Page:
From birth to adulthood, they increase their size by more than 60 million times.

The sunfish fry, with large pectoral fins, a caudal fin, and unusual body spines in the adult sunfish, resemble the miniature pufferfish, its close relatives.

Youngsters swim together in banks to protect themselves, but this behavior is abandoned as they grow up, and as adults, they spend most of their time alone.

14. Mola mola can change color

Molas are capable of color changes, particularly when stressed or under attack by a sea lion or other predator. They can turn from light to dark within a matter of moments.

15. Molas really don’t like traveling

The data collected so far shows that the molas do not travel much. Even so, they are not clumsy or lazy fish.

They go up to the surface to sunbathe, get cleaned by cleaner fish, and go down to the deep ocean at least 40 times daily.

Although they may seem clumsy at first glance, they can move as quickly as oceanic sharks to feed or avoid their predators and can even jump out of the water.

16. Threats

Ocean sunfish may live up to ten years in captivity,  but the longevity of molas in the wild is still a mystery.

Adults are vulnerable to few natural predators, although they are prey to sea lions, killer whales, and sharks.

Speaking of sharks, sunfish are commonly confused with them since they are often found swimming at shallow depths with their large dorsal fin hovering on the surface. But despite their size, oceanic mola-mola is harmless to humans.

Sometimes, these fish appear trapped in fishing nets.

Another major threat to molas is plastic bags discarded in the water. A floating plastic bag looks like a jellyfish. A mola can absorb it and drown immediately. Or it can clog its interior and starve the fish slowly.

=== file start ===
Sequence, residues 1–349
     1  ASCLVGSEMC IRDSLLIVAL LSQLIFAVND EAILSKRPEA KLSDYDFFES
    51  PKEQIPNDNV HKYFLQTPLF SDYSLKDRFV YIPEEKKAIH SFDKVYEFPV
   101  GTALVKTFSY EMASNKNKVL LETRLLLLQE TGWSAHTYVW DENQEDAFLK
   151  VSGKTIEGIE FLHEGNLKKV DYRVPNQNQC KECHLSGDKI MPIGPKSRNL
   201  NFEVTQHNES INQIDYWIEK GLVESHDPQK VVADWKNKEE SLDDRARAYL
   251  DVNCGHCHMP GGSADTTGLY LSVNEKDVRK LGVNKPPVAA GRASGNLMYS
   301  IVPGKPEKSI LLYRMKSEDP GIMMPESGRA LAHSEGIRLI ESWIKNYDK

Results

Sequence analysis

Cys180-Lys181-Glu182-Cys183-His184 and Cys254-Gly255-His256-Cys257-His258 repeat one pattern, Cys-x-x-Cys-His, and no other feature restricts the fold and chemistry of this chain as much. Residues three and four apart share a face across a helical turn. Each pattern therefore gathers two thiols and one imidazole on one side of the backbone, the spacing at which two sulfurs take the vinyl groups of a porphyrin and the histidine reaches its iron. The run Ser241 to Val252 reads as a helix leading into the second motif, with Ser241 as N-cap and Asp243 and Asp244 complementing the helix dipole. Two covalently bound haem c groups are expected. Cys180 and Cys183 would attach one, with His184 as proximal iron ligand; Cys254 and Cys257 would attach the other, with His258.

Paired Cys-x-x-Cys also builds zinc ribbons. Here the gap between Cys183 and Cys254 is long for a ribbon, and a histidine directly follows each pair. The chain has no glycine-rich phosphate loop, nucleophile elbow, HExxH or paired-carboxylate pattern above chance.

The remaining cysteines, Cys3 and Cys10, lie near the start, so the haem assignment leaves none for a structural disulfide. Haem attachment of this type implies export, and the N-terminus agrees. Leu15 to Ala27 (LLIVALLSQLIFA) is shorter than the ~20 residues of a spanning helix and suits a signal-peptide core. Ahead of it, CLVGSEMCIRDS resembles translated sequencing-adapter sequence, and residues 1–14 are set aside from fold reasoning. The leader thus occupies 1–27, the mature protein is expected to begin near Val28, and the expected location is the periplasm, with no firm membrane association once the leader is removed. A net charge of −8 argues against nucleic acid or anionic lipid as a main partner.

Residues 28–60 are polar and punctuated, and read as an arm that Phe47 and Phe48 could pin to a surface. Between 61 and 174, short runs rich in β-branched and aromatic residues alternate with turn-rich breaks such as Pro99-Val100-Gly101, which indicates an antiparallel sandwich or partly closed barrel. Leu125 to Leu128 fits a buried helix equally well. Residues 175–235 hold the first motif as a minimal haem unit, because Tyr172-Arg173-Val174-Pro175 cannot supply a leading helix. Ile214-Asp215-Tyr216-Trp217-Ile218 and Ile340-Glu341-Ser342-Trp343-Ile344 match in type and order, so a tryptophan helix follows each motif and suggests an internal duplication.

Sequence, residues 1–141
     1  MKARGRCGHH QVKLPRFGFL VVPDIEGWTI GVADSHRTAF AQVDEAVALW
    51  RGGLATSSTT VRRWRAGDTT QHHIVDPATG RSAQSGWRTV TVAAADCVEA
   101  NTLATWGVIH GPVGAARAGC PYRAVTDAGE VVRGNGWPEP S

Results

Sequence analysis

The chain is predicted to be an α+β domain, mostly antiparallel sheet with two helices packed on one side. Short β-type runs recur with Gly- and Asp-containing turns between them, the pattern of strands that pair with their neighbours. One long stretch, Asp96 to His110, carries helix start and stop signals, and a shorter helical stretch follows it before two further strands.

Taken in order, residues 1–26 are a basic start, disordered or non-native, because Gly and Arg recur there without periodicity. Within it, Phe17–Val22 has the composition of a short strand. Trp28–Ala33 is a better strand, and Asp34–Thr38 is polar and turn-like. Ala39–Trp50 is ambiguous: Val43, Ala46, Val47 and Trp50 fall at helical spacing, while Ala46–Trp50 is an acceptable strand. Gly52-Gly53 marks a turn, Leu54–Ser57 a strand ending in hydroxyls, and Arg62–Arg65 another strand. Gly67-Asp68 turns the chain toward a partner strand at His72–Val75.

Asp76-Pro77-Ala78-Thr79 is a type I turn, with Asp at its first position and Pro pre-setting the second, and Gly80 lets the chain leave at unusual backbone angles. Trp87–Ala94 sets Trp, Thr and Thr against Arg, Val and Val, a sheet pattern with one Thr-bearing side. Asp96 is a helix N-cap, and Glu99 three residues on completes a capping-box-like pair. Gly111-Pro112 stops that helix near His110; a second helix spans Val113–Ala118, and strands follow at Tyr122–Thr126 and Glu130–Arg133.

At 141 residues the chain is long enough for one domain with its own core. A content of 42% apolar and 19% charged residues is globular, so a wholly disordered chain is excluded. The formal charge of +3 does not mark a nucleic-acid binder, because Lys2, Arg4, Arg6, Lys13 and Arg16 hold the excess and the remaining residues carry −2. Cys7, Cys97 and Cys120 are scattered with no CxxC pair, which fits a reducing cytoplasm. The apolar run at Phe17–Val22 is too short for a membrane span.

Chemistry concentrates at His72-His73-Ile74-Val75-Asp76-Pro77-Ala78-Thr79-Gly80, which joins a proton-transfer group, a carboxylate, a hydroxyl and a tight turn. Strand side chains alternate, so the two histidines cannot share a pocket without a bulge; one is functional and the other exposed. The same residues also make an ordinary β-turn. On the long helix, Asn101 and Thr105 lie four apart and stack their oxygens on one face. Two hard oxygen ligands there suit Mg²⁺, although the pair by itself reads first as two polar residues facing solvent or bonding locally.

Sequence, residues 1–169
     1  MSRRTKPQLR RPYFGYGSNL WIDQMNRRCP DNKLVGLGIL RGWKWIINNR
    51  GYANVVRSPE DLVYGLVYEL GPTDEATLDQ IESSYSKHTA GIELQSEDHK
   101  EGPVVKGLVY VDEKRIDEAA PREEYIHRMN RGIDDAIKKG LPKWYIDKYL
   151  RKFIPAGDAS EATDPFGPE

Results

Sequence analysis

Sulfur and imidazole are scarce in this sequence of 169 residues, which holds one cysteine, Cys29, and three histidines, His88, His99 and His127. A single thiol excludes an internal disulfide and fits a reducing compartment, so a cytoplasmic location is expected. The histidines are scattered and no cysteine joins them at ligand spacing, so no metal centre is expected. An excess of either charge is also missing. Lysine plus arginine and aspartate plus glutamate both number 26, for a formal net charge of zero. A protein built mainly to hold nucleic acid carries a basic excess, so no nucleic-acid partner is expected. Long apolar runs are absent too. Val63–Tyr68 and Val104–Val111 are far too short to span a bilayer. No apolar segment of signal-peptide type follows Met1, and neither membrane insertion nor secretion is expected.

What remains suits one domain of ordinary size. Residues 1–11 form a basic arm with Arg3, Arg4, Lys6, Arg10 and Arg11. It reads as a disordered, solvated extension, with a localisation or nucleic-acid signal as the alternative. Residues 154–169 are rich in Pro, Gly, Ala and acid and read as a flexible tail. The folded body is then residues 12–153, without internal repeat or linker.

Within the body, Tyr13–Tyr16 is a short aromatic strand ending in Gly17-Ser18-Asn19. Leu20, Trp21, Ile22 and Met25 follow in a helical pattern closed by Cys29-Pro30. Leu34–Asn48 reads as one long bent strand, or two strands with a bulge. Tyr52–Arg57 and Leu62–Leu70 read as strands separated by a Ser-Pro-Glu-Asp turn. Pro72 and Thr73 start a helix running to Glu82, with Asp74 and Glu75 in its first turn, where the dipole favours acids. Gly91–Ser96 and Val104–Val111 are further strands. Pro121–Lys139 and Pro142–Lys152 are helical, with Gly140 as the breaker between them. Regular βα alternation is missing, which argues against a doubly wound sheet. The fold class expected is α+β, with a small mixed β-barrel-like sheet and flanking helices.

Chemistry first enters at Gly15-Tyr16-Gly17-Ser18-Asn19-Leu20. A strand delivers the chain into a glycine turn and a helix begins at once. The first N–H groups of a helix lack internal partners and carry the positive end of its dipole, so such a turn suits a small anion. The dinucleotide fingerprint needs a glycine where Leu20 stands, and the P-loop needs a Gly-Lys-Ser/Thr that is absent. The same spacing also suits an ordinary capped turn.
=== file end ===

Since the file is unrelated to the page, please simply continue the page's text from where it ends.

Unfortunately, they are classified as endangered, on the same level as polar bears, cheetahs, and giant pandas.

17. Scuba diving in Bali with Mola

Mola mola in Bali lives in the deep waters between Candidasa and Nusa Penida. They visit cleaning stations when the ocean becomes colder, usually from June to November. Oceanic Sunfish has been spotted occasionally in other areas of Bali and out of the season. 

These dive sites are known for the strong currents they can present. Therefore, diving with mola is only possible for experienced and skilled divers. For safety, a previous check dive is always mandatory. 

18. Be a responsible diver

In Bali, guidelines have been designed to provide a satisfactory and safe diving experience while ensuring the lowest sustainable impact on the island’s sunfish and manta ray population. The aim of developing the Code of Conduct for Sunfish and Manta Ray interactions is to ensure Sunfish and Manta Ray can settle onto cleaning stations without being disturbed. Once settled, the Sunfish and Manta Ray can remain on station for longer periods, offering better quality interactions for divers.

Diving with Mola mola – Code of Conduct
Always approach sunfish very slowly within its field of view
Stay close to the reef and do not surround the Sunfish
If the fish are just entering the cleaning station, do not approach until the cleaning has begun and the fish have been stationary for at least 1 minute
Maintain a minimum distance of 3 m from the closest Sunfish when the animal is at a cleaning station
Maintain a minimum distance of 10 m when the animal is unsettled (not in cleaning) and considering an approach to the reef
Do not swim behind the Sunfish as this can startle the animal nor under the fish as your bubbles will disturb cleaning behavior
Wherever possible, do not block the Sunfish’s escape route to the reef or pathway onto a cleaning station
Do Not Touch and Do Not Feed the sunfish
If a Sunfish approaches you, remain still and do not touch It. If you touch it you will remove the layer of mucus that protects it against infection
Do not use flash photography as this often disturbs the fish
Never touch coral and take any marine life
Only dive with companies that have endorsed and adhere to the Code of Conduct
Follow the directions of your dive guide
Southern Dreams Diving Club